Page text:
Thursday, April 28, 2005

The tiger we were stalking walked on paper feet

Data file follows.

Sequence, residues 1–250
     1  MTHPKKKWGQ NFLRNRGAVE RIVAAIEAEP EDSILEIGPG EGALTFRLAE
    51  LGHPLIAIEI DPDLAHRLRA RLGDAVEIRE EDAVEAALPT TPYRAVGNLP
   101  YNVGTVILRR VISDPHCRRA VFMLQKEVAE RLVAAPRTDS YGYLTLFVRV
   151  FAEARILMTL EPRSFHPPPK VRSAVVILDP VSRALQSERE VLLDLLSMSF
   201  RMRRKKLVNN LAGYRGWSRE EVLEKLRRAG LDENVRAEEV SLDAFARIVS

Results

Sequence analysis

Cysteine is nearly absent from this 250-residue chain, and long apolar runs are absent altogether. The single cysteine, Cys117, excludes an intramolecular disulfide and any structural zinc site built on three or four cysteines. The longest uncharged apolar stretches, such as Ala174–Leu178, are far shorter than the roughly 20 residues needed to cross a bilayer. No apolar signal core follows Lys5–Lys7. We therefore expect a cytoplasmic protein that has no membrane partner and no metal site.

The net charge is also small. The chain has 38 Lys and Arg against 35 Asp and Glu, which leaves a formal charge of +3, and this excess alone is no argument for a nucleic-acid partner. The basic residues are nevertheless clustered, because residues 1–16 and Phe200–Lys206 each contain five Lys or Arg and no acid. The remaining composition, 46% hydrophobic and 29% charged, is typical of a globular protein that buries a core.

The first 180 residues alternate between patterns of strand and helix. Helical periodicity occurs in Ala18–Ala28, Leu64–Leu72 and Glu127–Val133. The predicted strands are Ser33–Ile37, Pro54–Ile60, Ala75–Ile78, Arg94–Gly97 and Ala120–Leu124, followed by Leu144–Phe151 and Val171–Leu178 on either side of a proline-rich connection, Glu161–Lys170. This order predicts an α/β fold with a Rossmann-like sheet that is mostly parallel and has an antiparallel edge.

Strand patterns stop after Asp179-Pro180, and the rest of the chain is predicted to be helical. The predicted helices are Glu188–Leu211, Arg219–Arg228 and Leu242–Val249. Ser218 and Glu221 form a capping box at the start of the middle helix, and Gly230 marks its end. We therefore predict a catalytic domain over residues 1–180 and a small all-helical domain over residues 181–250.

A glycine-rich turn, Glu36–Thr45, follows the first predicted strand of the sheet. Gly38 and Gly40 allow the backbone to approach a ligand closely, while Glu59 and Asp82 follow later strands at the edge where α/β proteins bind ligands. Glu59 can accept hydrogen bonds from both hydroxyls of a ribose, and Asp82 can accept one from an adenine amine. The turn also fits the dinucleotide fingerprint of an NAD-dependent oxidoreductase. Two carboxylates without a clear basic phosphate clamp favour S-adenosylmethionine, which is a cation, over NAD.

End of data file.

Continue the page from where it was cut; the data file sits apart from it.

I've bought from online retailer Tiger Direct in the past, but they just lost my business: Apple Computer has been slapped with a lawsuit by Tiger Direct Inc. for allegedly infringing its trademark with the new Mac OS X "Tiger'' operating system scheduled for release on Friday. Tiger Direct, which sells computers and related products on the Internet, said Apple's Tiger OS threatens to dilute its trademarked name, according to Bloomberg, which has obtained a copy of the lawsuit. The online retailer also accused Apple of deceptive and unfair trade practices in the lawsuit, filed today in federal court in Miami, Florida, Bloomberg said. "Apple Computer has created and launched a nationwide media blitz led by Steven Jobs, overwhelming the computer world with a sea of Tiger references," Tiger Direct's attorneys wrote in the lawsuit. [...] The retailer said Apple's use of the name "is causing confusion, mistake and deception among the general purchasing public." At the root of the issue appears to internet search results. Tiger Direct contends that Apple's use of the name has adversely affected its ranking amongst the Internet's largest search engines, Google and Yahoo, bumping the company from its usual spot in the first three results. Somehow I doubt many are going to confuse a direct-sales retailer with an operating system. That's trademark arrogance on the Monster Cable level. It requires an amazing degree of self-delusion on the name-recognition value of the brand. Nor is their primary claim even true, at least with Google; right now, the top results Googling 'tiger' are (in order) from a site with information on actual tigers, Tiger Direct itself, a big cat sanctuary named Tiger Haven, and only then two hits on the latest iteration of OSX. Conversely, Tiger Direct doesn't even show up on the front page of a Yahoo search. One out of two isn't bad, I guess. (It does tend to undercut the basis of the suit a bit, though.) Moreover, do they plan on suing the non-profit tiger sanctuary for also daring to beat them in the Yahoo rankings, perchance? Or the US and British governments for the project and agency they respectively operate which also use Tiger as an acronym, and are similarly more visible in such a search? Of course, it's not as if this is even the first time Apple has run into a legal bully with a trademarked genericism of a name. Apple Records had kind of a weak case in the likely-to-confuse-customers side of things. It doesn't seem as if Tiger Direct's claim is any less ludicrous - and, as a bonus, trends towards the insulting. (Via Brian Tiemann.)

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